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I embark upon today’s post in the full and certain knowledge that many of you already know how to fry a perfect egg (Note here, I am aiming for the perfect fried egg – sunny side up. No flipping involved.) If you are completely confident in your abilities, and never find yourself disappointed by a burnt egg white that’s too tough and tastes like chewing through a hairball, or tragically hard and chalky yolk, then pat yourself on the back and then move along – I can teach you nothing.
I myself didn’t realize until recently that there are so many articles & tutorials published on how to cook the perfect fried egg. Frying eggs was one of the first things I learned how to cook in the kitchen. It’s simple, easy & quick. I’ve never given it a thought what are the proper techniques for frying the perfect egg, I just did it. Over the years, I have developed my own preference for the perfect fried egg. I had to do some testing in the kitchen though in order to perfect my technique for frying a sunny side up egg and share it with you.
The great Fernand Point, who is considered to be the father of modern French cuisine, is said to have judged a chef, by the way, he fried eggs. Many culinary giants have shared their ways of frying eggs, some techniques are very different from each other, and some of them are unnecessarily complicated. In an attempt to simplify the process, I decided to share with you my way of cooking a perfect fried egg. It’s quick and easy enough to make a great breakfast in the morning, and guaranteed to hit the spot every time. So I’ll be sticking with this simple but effective method.
It seems that many people have different definitions of what the perfect fried egg is. Some like it with very crispy egg whites, others with crispy edges, some like runny yolks, others – set yolks. My perfect fried egg is perfectly set egg white (not crispy, but might have slightly crispy edges) and perfectly soft & runny egg yolk (not very runny but also not completely set). I have also included in the recipe below couple more ways how you can achieve crispy egg whites or set egg yolks if that’s what you like.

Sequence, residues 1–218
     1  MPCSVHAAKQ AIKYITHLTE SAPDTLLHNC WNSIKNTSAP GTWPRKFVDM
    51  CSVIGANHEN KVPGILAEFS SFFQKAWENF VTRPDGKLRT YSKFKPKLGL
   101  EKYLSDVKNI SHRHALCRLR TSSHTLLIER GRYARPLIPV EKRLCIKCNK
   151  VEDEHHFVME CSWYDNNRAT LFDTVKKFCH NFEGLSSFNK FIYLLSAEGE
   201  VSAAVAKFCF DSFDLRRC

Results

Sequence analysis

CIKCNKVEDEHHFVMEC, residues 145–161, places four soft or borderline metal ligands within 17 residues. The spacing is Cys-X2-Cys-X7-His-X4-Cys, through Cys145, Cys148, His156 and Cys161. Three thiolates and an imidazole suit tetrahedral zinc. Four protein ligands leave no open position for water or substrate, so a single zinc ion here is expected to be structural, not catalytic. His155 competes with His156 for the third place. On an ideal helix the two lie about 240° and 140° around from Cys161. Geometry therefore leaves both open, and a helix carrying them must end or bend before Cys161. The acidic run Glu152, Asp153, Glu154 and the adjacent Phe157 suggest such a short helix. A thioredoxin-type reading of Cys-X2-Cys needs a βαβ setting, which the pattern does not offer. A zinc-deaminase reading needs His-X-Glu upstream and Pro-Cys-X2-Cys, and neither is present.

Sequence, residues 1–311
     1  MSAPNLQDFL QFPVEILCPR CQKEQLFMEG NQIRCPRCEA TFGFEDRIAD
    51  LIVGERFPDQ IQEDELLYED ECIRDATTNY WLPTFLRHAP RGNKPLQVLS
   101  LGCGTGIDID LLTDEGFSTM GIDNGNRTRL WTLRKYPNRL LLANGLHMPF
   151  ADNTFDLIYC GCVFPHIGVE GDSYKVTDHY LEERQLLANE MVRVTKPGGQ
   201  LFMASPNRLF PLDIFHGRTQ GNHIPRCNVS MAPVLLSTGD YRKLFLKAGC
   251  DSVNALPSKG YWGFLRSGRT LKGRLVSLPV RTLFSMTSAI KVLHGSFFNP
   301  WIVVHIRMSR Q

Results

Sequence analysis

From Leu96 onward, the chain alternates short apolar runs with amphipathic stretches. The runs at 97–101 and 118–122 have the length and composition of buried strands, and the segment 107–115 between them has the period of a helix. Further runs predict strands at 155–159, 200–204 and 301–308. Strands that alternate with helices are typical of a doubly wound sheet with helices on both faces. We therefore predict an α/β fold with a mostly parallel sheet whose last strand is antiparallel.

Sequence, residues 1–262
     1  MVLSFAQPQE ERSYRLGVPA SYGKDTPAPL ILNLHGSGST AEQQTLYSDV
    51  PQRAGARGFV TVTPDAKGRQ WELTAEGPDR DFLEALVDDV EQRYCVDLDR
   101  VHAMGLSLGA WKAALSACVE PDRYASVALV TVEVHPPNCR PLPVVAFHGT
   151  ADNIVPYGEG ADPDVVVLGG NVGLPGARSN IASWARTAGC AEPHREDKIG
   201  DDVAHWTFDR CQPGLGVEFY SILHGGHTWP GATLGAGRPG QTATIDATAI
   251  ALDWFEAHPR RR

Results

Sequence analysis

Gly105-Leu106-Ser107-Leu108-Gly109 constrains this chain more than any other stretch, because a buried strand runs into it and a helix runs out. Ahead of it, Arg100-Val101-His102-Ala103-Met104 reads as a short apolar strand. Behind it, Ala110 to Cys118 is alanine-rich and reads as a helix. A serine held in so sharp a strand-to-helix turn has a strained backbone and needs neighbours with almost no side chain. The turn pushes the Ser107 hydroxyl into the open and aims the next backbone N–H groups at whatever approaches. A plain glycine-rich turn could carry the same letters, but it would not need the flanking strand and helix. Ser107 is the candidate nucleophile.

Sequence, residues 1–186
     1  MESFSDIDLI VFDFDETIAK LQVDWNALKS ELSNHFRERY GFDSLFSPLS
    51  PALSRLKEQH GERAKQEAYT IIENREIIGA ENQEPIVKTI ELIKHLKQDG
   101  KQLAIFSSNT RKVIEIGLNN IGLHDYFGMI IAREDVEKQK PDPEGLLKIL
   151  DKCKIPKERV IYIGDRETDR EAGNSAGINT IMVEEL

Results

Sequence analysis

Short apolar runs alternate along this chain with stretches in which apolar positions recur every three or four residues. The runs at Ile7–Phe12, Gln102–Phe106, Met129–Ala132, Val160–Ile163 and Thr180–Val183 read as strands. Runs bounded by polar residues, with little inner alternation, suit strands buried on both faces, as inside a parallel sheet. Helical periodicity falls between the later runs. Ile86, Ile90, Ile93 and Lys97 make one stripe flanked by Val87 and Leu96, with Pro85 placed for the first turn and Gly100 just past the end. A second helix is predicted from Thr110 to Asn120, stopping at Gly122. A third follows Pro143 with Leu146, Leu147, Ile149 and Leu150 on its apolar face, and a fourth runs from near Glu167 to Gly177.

The technique for perfect fried egg:
- Cook on medium heat
- Cover with a lid
- Cook only for about 2 – 3 minutes depending on how you like the yolk.
How do you cook your perfect eggs, and what else do you serve them with apart from bacon?
What you need:
1 fresh egg, at room temperature
First, if you store your eggs in the fridge, then you should let them come to room temperature before cooking – if you start with a cold egg, then you’re more likely to end up overcooking the yolk trying to get the white to set. Very fresh eggs are best for frying.
Heat olive oil in a cast iron skillet (or non-stick skillet) over medium heat. When the oil is hot, carefully add egg to the skillet.
Immediately cover with a lid and let egg cook for 2 minutes. This helps speed up the process, which results in a perfectly cooked egg – a soft, but firm white, and a gorgeously soft & runny yolk.
Remove skillet from heat and serve immediately.
If you want crispy egg whites & runny egg yolk: Cook egg over high heat uncovered for about 1.5 – 2 minutes or until desired crispiness.
If you want slightly crispy egg whites & set egg yolk: Cook egg over medium-high heat covered for about 2.5 – 3 minutes or until desired crispiness.
Perfect Fried Egg
- 1 fresh egg, at room temperature
- 1 Tbsp extra virgin olive oil
- As ever, if you keep your eggs in the fridge, then you should let them come to room temperature before cooking – if you start with a cold egg, then you’re more likely to end up overcooking the yolk trying to get the white to set. Very fresh eggs are best for frying.
- Heat olive oil in a cast iron skillet (or non-stick skillet) over medium heat. When the oil is hot, carefully add an egg to the skillet.
- Immediately cover with a lid and let egg cook for 2 minutes. This helps speed up the process, which results in a perfectly cooked egg – a soft, but firm white, and a gorgeously soft & runny yolk.
- Remove skillet from heat and serve immediately.
- Use room temperature eggs. If your eggs are cold you can overcook the yolks.
- Use fresh eggs. Check if your eggs are fresh by placing them in a bowl of water. Fresh eggs will sink to the bottom but eggs passed their prime will sink.
- Use a mild flavored oil with a high smoking point. I like to use olive oil, but I would suspect that avocado and sunflower seed oil will both work well.
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